When my blog site is upgraded (I am told ‘it is only a matter of time’) I will be able to link to some of my own favorite sites. One that I discovered only recently is ‘The Frontal Cortex’. It’s a great site which focuses on one of my own main interests – the social implications of neuroscience.
What particularly attracted me was a post from the site’s author Jonah Lehrer about a fantastic recent essay in the New York Review of Books by Zadie Smith. In the essay Smith contrasts two novels – one the best selling and highly acclaimed Netherland by Joseph O’Neill, the other Tom McCarthy’s avant garde masterpiece (according to Smith), Remainder. The question posed by Smith in a piece that combines forensic critique with barely suppressed rage at the persistence of the conventions of novel writing, is why it is that the mythical world of lyrical realism has such a grip on us. Smith’s questioning is made more poignant because she is herself an exponent of exactly the form of writing she is critiquing.
In this sense Smith’s piece is a classical restatement of the modernist question? Why is it that we accept the way the world is portrayed in conventional realism as if it really is how the world is? Lehrer usefully makes the link between Smith and Virginia Woolf’s classic essay "Modern Fiction":
Look within and life, it seems, is very far from being "like this". Examine for a moment an ordinary mind on an ordinary day. The mind receives a myriad impressions--trivial, fantastic, evanescent, or engraved with the sharpness of steel. From all sides they come, an incessant shower of innumerable atoms; and as they fall, as they shape themselves into the life of Monday or Tuesday, the accent falls differently from of old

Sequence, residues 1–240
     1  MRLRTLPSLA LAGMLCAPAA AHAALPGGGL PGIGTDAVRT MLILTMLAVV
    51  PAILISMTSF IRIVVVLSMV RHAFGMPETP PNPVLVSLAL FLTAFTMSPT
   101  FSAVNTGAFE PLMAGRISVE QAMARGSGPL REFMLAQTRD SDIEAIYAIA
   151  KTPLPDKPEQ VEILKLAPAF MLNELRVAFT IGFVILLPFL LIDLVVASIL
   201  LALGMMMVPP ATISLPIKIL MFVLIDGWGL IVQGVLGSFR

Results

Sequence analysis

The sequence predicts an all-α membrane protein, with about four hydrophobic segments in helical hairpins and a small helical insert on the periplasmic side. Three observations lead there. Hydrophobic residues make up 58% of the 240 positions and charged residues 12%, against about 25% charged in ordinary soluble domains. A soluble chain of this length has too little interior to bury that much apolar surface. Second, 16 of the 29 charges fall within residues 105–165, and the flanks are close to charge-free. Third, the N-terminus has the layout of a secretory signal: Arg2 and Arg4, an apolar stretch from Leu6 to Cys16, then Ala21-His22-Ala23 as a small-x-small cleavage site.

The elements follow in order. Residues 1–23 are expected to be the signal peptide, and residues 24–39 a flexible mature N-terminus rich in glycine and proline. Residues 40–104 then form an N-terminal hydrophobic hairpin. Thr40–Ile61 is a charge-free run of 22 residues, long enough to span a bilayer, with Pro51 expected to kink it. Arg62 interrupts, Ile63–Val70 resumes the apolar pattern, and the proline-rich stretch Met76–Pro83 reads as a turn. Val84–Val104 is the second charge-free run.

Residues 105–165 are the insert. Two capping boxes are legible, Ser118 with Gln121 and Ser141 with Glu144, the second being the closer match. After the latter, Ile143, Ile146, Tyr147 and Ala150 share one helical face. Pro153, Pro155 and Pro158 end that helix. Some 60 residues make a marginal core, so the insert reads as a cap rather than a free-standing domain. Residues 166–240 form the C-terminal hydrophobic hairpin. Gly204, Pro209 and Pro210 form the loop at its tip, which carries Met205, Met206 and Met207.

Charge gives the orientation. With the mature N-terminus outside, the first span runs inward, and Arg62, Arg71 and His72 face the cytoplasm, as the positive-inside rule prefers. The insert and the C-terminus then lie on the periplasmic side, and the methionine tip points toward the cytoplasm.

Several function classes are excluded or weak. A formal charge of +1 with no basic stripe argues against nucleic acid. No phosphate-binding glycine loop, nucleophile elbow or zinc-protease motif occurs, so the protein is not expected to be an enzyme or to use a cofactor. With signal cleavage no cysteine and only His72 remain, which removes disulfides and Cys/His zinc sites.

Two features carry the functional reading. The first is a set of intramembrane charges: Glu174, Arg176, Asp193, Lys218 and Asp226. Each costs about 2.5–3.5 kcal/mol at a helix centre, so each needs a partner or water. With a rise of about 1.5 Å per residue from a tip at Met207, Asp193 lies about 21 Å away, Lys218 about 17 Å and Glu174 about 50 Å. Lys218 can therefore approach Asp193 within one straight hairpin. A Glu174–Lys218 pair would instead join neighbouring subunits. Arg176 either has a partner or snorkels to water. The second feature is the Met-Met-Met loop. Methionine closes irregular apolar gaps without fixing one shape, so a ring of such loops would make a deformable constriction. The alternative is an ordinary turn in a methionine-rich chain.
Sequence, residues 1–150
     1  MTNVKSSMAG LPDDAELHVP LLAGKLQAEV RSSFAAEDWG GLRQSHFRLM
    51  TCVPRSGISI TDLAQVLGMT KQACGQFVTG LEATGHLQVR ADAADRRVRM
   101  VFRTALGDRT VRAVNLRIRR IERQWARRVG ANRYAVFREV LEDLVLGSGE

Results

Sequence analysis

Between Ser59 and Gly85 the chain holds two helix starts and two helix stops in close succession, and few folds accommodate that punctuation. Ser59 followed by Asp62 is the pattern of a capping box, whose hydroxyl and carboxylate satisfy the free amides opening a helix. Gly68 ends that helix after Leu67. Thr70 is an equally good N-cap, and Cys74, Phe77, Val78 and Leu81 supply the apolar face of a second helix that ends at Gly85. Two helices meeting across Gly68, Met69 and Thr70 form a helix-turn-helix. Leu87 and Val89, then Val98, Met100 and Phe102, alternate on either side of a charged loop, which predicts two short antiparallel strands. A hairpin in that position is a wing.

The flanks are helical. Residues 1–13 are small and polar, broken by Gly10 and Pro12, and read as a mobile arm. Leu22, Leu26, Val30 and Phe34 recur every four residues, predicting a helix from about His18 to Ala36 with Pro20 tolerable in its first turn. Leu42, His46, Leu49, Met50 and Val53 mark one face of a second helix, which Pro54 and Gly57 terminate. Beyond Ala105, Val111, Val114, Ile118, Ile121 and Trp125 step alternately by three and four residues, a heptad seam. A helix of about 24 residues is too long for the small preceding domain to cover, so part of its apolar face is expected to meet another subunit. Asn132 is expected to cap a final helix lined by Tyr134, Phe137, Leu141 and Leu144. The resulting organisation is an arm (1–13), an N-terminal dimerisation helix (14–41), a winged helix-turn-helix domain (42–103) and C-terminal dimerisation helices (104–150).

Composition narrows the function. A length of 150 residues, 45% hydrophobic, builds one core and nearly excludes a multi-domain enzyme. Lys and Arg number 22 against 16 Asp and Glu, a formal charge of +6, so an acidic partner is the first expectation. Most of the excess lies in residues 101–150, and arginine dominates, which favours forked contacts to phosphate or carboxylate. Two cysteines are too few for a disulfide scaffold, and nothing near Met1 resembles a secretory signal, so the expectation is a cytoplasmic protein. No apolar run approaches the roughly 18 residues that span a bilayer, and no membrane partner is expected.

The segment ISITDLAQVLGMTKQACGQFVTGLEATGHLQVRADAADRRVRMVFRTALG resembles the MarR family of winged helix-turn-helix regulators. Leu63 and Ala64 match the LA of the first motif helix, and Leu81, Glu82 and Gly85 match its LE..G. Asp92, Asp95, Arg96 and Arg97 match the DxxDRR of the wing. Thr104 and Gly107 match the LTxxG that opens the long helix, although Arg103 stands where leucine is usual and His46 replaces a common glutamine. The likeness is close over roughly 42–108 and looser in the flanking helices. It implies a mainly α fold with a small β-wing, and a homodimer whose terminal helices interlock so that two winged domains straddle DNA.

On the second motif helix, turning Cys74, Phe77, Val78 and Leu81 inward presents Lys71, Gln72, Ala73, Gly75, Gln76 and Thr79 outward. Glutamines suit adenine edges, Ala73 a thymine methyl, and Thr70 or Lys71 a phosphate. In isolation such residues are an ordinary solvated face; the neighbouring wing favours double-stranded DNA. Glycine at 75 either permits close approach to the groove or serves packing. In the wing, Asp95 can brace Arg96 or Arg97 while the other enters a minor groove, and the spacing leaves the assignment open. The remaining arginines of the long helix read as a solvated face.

As Lehrer goes on to say:
“Woolf doesn't name drop neurons, but instead uses the language of contemporary science ("impressions," sensory "atoms"). The connection between this Smith essay and Woolf's modernist manifesto becomes even more explicit when Smith goes on to consider the flaws of realism (as represented by Netherland). She compares the depiction of reality in "realistic" literature to the flux of self-conscious experience, ridiculing the strict constraints of 21st century realism just as Woolf had mocked "Mr. Wells, Mr. Bennett and Mr. Galsworthy" in 1925, for never grappling with the disorder of "human nature".
Netherland doesn't really want to know about misapprehension. It wants to offer us the authentic story of a self. But is this really what having a self feels like? Do selves always seek their good, in the end? Are they never perverse? Do they always want meaning? Do they not sometimes want its opposite? And is this how memory works? Do our childhoods often return to us in the form of coherent, lyrical reveries? Is this how time feels? Do the things of the world really come to us like this, embroidered in the verbal fancy of times past? Is this really Realism?'
Earlier this year in my annual essay - notable for the fact it has been read or watched even fewer times that my blog has been read (yes I know self pity is ugly but in my case I can promise it is authentic) – I asked what might happen when greater awareness of brain science made it more difficult for us to maintain the myths of Western selfhood? In responding David Willetts questioned whether ‘knowing’ something scientifically, but which is counter intuitive, always changes the way we see and act. For example, he said, we know the sun doesn’t ‘rise’, it is the earth that turns but that doesn’t change either how we talk about it or how we see it.
The irony of the lyrical realist novel is that far from persisting because it describes reality it gets its power from reinforcing the myth of a separate, continuous, Cartesian self.
PS In yesterday’s blog I asked whether the ban on smoking in public places will reduce smoking overall. Mike Bury e-mails me to point out figures showing an unprecedented decline of 400,000 in the number of smokers since the ban was introduced. As you say, Mike, it’s a triumph for progressive paternalism
As we begin to imagine the post-pandemic world, we need to challenge our use of old metaphors to allow for new narratives and better futures to emerge.
With the post-Christmas resolutions looming, when we try to address the worst of our seasonal over-indulgences, the question remains: how can we give up bad habits for good?